• Average heel flap is 30 rows with 15 stitches for the gusset
  • Small heel flap is 28 rows with 14 stitches for the gusset
  • Large heel flap is 32 rows with 16 stitches for the gusset

Heel Flap Size

Average (small, large) instep for a sock with 60 stitches.


  • k – knit
  • k2tog – knit 2 stitches together (1 stitch decreased)
  • m1L – make one left
  • m1R – make one right
  • m1P – make one purlwise
  • p2tog – purl 2 stitches together (1 stitch decreased)
  • rnd(s) – round(s)
  • RS – right side
  • sl – slip stitch
  • sm – slip marker
  • ssk – slip 1 stitch knitwise, slip a second stitch knitwise, move these 2 stitches back to the left needle and k2tog tbl (1 stitch decreased)
  • st(s) – stitch(es)
  • tbl – through the back loop
  • WS – wrong side


Knit the same number of rounds as you did for the cuff-down version. For our foot size, that means knit 50 (52, 48) rounds for the foot (excluding the toe).

  • Rnd 1 (Needle 1): knit to end.
  • Rnd 1 (Needle 2): k1, m1L, knit to 1 sts before end, m1R, k1. 2 sts increased.
  • Rnd 2: Knit.

Rep the last 2 rnds 9 (8, 10) more times until you have added 20 (18, 22) sts; 30 sts on Needle 1 and 50 (48, 52) sts on Needle 2; 80 (78, 82) sts total.

This should be the same number of stitches as Rnd 1 of the gusset for cuff-down socks, just distributed on your needles differently. You should have 15 (14, 16) sts for each gusset, same as before. There are 18 sts for the heel turn, same as before. Don’t forget the 2 additional stitches that were originally picked up to close the gap between the gusset and instep on the cuff-down and are needed to close the gap between the heel turn and heel flap for toe-up.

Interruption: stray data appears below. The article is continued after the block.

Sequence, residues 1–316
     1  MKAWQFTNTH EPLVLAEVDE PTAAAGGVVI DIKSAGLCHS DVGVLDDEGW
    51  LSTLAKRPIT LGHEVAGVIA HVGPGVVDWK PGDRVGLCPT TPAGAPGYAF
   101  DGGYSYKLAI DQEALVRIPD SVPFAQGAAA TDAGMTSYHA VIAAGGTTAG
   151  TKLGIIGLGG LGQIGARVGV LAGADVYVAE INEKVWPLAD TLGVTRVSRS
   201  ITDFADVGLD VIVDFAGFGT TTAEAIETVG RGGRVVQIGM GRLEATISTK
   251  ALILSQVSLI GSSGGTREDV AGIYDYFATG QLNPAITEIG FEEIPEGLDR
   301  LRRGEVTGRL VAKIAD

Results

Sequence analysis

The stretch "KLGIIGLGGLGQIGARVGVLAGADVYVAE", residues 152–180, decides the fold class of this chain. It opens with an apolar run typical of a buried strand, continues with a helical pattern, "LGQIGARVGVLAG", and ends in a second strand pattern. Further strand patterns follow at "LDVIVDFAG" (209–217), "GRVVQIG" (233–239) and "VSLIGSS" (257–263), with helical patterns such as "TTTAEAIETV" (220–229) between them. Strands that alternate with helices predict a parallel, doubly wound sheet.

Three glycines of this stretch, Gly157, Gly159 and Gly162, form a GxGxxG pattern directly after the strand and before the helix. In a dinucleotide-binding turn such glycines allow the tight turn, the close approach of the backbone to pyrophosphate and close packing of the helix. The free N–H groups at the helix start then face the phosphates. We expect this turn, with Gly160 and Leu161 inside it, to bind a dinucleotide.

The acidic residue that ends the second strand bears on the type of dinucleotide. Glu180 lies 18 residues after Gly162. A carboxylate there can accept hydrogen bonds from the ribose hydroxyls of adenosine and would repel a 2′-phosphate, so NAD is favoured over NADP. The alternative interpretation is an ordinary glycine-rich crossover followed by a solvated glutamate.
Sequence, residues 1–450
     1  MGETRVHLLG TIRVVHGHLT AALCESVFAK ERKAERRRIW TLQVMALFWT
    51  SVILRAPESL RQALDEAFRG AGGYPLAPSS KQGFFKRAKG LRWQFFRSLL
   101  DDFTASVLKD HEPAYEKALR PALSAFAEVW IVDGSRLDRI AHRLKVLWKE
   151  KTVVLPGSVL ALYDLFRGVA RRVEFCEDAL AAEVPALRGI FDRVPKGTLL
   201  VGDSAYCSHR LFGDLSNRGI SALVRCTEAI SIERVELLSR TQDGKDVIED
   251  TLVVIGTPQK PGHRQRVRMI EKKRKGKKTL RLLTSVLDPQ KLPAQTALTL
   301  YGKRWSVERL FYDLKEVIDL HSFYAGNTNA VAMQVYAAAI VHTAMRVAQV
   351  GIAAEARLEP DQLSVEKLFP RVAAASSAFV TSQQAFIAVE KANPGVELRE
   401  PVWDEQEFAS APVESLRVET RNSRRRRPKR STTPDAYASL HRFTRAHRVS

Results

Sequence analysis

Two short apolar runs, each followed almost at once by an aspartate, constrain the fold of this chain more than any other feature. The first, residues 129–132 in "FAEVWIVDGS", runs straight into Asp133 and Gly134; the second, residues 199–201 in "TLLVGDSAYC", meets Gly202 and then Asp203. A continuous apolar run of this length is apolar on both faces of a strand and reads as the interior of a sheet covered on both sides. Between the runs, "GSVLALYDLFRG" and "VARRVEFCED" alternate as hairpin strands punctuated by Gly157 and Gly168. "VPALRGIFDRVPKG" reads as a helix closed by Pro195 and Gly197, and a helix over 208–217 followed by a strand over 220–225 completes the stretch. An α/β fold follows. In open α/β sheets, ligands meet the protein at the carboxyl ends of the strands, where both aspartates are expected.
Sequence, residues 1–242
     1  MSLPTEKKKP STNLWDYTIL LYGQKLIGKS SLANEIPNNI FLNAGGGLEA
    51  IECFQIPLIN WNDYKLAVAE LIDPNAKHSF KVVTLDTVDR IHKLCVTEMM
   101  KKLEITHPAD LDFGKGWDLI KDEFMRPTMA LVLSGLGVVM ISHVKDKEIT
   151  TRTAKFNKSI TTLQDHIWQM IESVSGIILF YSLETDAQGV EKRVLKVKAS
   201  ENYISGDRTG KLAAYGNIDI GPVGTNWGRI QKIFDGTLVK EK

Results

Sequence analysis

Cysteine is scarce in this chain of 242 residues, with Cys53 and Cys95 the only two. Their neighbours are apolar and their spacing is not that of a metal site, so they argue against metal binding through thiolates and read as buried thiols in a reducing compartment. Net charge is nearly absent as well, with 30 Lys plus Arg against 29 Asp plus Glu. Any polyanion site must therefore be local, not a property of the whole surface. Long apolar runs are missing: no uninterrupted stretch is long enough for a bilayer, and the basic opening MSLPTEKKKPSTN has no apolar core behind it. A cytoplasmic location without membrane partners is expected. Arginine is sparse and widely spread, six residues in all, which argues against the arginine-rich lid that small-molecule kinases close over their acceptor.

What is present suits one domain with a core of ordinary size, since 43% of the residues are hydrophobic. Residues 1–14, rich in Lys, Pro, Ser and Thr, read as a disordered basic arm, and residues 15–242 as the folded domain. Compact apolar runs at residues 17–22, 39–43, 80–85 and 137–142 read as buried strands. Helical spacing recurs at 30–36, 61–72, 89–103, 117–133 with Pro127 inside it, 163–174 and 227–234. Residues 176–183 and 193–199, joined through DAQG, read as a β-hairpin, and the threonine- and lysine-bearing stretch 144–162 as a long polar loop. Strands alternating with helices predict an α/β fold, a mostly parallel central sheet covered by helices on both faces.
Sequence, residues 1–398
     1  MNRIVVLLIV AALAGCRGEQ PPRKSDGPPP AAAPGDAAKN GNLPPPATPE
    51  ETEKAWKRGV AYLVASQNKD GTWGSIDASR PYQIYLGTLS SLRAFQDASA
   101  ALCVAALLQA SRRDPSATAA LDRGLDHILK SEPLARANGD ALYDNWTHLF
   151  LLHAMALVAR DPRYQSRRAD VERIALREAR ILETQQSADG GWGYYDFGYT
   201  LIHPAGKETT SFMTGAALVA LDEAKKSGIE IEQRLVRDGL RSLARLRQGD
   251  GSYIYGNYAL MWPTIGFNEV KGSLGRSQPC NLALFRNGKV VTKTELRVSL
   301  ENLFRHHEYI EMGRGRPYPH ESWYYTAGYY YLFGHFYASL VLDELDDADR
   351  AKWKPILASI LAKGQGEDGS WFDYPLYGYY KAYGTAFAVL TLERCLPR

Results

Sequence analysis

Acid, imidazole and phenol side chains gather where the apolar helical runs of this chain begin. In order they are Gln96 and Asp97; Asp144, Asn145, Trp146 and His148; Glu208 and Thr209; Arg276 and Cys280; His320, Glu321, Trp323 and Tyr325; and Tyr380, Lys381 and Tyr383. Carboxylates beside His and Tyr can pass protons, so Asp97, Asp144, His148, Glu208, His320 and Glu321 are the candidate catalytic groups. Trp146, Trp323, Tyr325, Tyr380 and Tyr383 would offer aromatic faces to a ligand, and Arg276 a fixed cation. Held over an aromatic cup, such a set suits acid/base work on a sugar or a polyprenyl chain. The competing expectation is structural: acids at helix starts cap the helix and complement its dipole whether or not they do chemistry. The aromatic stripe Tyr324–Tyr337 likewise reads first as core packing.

Heel Turn

The heel turn for this sock is the same no matter what size heel flap you are knitting. After the set-up row, you will be knitting back and forth on Needle 2:

  • Set-up Row 1 (Needle 1): knit to end.
  • Set-up Row 1 (Needle 2): knit 34 (33, 35), m1L, turn.

The rest of the heel turn will be worked on Needle 2:

  • Row 2 (WS): Sl1, p18, m1P, turn.
  • Row 3 (RS): Sl1, k17, m1L, turn.
  • Row 4: Sl1, p16, m1P, turn.
  • Row 5: Sl1, k15, m1L, turn.
  • Row 6: Sl1, p14, m1P, turn.